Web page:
I only connect my phone to the infotainment system for music, and in the M60, you will not get any display of what's playing. It's just a blank music logo. Connect your iPhone via USB and you'll get excited because 'BAIDU Car Life' will pop-up on screen. I thought I can use Apple CarPlay but then it needs the BAIDU app, which is the Chinese equivalent of Apple CarPlay.

As for the intelligent rear-view mirror, it's great because it can double as a dashcam, though I wasn't able to find out where to store the microSD. The thing about it is, it occupies almost the whole rear view mirror, which will hinder the purpose of the rear-view mirror. Granted, it will turn into a clock screensaver after a few minutes but still, I'd rather have the dashcam just a small portion of this mirror.

The M60 runs on a 1.5-liter turbo gasoline engine coupled to a CVT that puts out 147 horsepower with 210 Nm of torque, which trumps even the 2.0-liter engine of a gasoline-powered Toyota Innova. It’s the same engine found in the BJ20, but housed in a lighter body. These figures are more than enough to carry the M60 even if it's on full load. 

Overtaking can be tricky, though. Once you floor the gas pedal, you can hear the engine roar but you're not gaining speed. It will take a second before you can feel the car pulling itself but once it does, speed increases significantly.  This is common among CVTs and makes you wish for a normal automatic transmission, but then CVTs have better fuel consumption so even though this is bothersome, you have to accept it if fuel economy is your thing.

Steering is nice and light. I just get turned off whenever I have to make full turns because the steering wheel doesn't feel nice on the hands – but that's just me nitpicking. 

If you can get over that overtaking lag and the feel of the steering wheel, the M60 is very comfortable to drive. I got stuck in Tagaytay traffic over the holidays (don't ask me why I took that route) and had a total of six hours travel time, from the usual two and a half. In that stretch from Batangas to Quezon City, I was not really tired. Sure, there is a bit of fatigue, but it's not as bad as I thought. My legs didn't cramp up (which is a norm whenever I drive through EDSA in weekday rush hours) and my back didn't hurt at all from that long drive. Is it in the way the pedals are placed? Did I find the perfect sitting position on the powered driver's seat? Who knows?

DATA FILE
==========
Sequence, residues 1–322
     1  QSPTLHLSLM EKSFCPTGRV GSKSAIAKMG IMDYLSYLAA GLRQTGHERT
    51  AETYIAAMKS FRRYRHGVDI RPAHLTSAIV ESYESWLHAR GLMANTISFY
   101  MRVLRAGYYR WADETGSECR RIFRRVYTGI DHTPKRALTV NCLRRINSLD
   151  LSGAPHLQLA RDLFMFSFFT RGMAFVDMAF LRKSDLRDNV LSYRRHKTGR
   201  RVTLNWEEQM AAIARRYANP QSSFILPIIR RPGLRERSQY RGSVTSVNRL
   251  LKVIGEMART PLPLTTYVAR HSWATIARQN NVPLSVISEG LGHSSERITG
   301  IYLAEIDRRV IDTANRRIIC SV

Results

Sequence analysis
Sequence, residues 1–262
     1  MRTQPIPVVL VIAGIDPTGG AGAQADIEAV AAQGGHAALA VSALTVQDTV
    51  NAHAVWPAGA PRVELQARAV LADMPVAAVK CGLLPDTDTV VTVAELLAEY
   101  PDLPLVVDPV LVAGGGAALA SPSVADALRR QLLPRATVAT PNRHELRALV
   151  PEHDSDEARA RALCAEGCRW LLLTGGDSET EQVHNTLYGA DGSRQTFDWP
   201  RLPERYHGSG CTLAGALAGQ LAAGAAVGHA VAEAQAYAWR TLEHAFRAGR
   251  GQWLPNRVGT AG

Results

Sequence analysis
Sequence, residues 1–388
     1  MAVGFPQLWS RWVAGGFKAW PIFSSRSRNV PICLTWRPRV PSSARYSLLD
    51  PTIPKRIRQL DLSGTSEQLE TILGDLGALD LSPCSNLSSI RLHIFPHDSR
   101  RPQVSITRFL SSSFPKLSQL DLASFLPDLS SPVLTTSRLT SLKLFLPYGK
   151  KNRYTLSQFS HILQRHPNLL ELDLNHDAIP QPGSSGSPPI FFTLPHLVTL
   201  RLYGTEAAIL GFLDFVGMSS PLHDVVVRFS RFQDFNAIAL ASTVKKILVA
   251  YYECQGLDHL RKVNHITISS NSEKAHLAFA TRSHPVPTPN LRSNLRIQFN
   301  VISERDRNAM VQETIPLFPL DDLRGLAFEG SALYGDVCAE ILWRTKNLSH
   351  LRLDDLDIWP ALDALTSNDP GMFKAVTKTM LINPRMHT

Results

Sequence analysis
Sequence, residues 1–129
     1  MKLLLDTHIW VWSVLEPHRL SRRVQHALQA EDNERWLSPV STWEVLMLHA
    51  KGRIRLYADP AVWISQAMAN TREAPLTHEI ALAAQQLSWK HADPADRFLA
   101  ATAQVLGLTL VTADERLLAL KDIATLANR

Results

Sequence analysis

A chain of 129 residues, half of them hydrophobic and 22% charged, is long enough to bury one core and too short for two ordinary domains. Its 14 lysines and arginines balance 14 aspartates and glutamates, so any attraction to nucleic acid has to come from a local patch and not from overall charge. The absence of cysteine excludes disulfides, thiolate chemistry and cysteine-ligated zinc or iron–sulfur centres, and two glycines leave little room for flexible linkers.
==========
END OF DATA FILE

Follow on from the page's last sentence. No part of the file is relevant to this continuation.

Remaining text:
The M60 has a lot of toys but there's still room for more as BAIC didn't skimp on safety. The M60 Luxury comes with dual front airbags, ABS with EBD, and child lock just like its rival, the Innova E but that’s where the similarities end. This one has front side airbags, keyless entry, ISOFIX, anti-theft measure, back-up sensors, and a reverse camera - which also has guidelines that turn with the steering wheel. 

The 1.5L turbocharged engine under the hood is powerful enough for the M60's size, that it was able to be frugal despite the odds. City driving during rush hour put out 8.5 km/L while highway runs on full load gave a 15.6 km/L at an average speed of 90 km/h. Not bad. Not bad at all.

When we released the unboxing video of the 2019 BAIC M60 Luxury, almost all comments pointed at the grille's similarity to the Lexus – but this MPV is more than that. It is a solid option for those starting a family or individuals who just need a people hauler. Sure, it has some rough edges that need polishing, but it's easy to look past those once you drive this on full load. You will not get the usual "hoy, ang sikip naman" or "pahingi ng hangin" because that's what the M60 tackled – comfort on every drive. Everything else is a bonus. 

For P1,068,000, the BAIC M60 Luxury can stand wheel to wheel with its rivals and it sets the new standard for Chinese cars in the country. Kudos to BAIC for that.